Chains by Laurie Halse Anderson.
Simon & Schuster Books for Young Readers: NY, 2008.

After the death of their sickly master, Isabel and her sister Ruth are sold to a couple residing in New York City, at the outset of the American Revolution. They are promised freedom upon her death, so Isabel cannot accept their status. More difficult tasks fall to her, such as hauling water from a town pump and running errands, enabling her to meet other slaves in the community. A friend, who early on helps her in her distress, works for Patriots and asks her to pass on information within her household. Her household is staunchly Loyalist.

The story portrays the strife between factions and the change in power within the area. There is exploration of ideas of slavery and freedom. For example, the British announced that slaves of Patriots would be set free, but those of Loyalists would not be. Some, who might have helped Isabel in her plight, withheld support, because of strict rules on the subject. Isabel bides her time to achieve freedom, but is unsure of the best approach.

Isabel is a stronger character than slaves tend to be in novels. She tolerates the intolerable in order to protect her sister, but she does not accept her circumstances. She is conflicted regarding freedom versus the reality she lives. She has moments of independence and rebellion, but suffers consequences for them.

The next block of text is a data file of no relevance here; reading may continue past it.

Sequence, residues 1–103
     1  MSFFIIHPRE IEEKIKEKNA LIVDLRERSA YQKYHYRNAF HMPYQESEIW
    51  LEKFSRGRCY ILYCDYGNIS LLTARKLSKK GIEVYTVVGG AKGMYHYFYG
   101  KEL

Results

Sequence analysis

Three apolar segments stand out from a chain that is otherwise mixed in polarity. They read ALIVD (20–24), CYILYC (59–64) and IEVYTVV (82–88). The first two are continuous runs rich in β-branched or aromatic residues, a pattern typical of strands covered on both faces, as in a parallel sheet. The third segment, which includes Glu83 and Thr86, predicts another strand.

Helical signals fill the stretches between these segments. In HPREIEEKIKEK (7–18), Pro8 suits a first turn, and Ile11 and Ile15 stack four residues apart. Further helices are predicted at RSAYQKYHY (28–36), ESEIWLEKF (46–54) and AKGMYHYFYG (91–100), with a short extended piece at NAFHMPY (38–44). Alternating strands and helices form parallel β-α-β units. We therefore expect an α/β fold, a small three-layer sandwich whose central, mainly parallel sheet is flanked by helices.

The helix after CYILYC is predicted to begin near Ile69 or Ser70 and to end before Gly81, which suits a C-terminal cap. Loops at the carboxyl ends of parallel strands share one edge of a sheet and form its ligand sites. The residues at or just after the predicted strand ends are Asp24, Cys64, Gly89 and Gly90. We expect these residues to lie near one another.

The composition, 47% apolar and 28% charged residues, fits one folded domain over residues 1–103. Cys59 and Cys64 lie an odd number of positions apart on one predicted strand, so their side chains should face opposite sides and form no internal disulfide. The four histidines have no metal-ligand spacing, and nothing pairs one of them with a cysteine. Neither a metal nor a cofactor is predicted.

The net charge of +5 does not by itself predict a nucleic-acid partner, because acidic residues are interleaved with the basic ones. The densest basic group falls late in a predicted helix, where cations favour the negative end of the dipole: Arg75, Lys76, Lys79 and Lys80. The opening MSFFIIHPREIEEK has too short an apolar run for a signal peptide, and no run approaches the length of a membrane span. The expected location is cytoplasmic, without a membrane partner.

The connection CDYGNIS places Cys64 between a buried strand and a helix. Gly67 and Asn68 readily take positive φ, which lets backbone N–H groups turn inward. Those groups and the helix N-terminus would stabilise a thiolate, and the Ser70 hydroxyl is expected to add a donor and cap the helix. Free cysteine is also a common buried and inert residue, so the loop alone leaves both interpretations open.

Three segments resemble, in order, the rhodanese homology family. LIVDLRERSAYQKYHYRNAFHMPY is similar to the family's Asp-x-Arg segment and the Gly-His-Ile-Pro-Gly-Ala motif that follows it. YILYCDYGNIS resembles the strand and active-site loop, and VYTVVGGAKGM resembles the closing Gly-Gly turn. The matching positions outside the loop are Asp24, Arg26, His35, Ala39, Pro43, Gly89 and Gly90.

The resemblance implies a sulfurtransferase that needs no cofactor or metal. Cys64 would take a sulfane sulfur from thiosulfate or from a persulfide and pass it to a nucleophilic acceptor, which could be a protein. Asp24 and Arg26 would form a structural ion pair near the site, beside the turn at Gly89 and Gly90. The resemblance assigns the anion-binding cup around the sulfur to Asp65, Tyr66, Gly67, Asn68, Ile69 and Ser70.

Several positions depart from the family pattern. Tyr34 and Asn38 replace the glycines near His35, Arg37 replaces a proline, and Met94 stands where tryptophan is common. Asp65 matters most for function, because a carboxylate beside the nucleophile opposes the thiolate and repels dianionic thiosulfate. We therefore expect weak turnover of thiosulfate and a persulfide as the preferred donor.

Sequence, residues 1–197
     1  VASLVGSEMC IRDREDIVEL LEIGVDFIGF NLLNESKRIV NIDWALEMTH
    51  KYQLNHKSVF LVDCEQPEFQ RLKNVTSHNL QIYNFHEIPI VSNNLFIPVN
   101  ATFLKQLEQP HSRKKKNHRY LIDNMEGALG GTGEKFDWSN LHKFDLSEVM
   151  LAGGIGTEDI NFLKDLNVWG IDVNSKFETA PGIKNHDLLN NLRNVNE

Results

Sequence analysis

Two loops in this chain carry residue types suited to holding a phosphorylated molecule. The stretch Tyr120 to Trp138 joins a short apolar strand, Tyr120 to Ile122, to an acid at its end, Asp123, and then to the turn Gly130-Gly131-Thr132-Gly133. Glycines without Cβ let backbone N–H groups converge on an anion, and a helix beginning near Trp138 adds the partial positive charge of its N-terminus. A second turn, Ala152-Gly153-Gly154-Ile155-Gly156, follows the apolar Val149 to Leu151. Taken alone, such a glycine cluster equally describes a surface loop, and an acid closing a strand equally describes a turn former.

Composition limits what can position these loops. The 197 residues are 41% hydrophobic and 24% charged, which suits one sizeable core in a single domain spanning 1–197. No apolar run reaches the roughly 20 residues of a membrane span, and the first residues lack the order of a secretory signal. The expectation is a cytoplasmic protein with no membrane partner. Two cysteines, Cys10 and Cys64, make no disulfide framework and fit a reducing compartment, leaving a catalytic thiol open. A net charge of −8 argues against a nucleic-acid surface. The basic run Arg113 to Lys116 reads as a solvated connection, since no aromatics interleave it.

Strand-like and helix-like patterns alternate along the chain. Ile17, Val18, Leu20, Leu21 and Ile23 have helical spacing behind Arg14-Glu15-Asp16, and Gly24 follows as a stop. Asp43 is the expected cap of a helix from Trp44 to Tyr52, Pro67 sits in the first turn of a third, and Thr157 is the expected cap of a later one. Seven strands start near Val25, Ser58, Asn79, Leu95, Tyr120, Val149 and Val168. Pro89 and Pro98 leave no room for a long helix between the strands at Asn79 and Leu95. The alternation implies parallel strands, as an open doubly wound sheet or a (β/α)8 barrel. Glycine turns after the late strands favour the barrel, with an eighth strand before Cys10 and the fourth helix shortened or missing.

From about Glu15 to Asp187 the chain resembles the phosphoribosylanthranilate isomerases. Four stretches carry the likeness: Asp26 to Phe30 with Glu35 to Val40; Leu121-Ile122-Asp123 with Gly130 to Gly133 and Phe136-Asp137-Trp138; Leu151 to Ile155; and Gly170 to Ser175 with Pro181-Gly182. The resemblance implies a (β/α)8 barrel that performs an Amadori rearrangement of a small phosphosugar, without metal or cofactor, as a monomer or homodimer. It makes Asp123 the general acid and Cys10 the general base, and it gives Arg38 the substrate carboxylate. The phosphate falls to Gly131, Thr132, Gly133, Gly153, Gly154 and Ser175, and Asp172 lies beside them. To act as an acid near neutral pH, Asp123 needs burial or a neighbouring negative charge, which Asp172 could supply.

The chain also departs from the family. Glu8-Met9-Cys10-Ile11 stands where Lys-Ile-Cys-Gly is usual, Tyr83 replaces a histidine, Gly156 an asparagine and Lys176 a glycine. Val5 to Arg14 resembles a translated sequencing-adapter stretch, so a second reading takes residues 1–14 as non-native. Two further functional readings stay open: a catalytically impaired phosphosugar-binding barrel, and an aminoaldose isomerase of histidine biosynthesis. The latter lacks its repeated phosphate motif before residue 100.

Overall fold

Isabel's strength and thought, the spying on the British, the power shifts, and the devastating fire and circumstances are aspects which show a different handling of the theme. Despite the subject, it is a light and compelling read.

Compare with M. T. Anderson's equally compelling, though heavy and dark, The Astonishing Life of Octavian Nothing, Traitor to the Nation. Years ago, before I started reviewing books, I read The Spy by James Fenimore Cooper. This would also be a challenging read, but it offers yet another take on the Revolutionary period. Like Chains, The Spy is set in New York, but a different area, not in the city. The Astonishing Life of Octavian Nothing is set in the Boston area.

Chains is the 1st of a trilogy called Seeds of America. I'm excited about reading the next book Forge, and the 3rd Ashes is expected in 2014.

related-freedom, slavery, American Revolution, 1776, New York history, spying, United States history, African Americans

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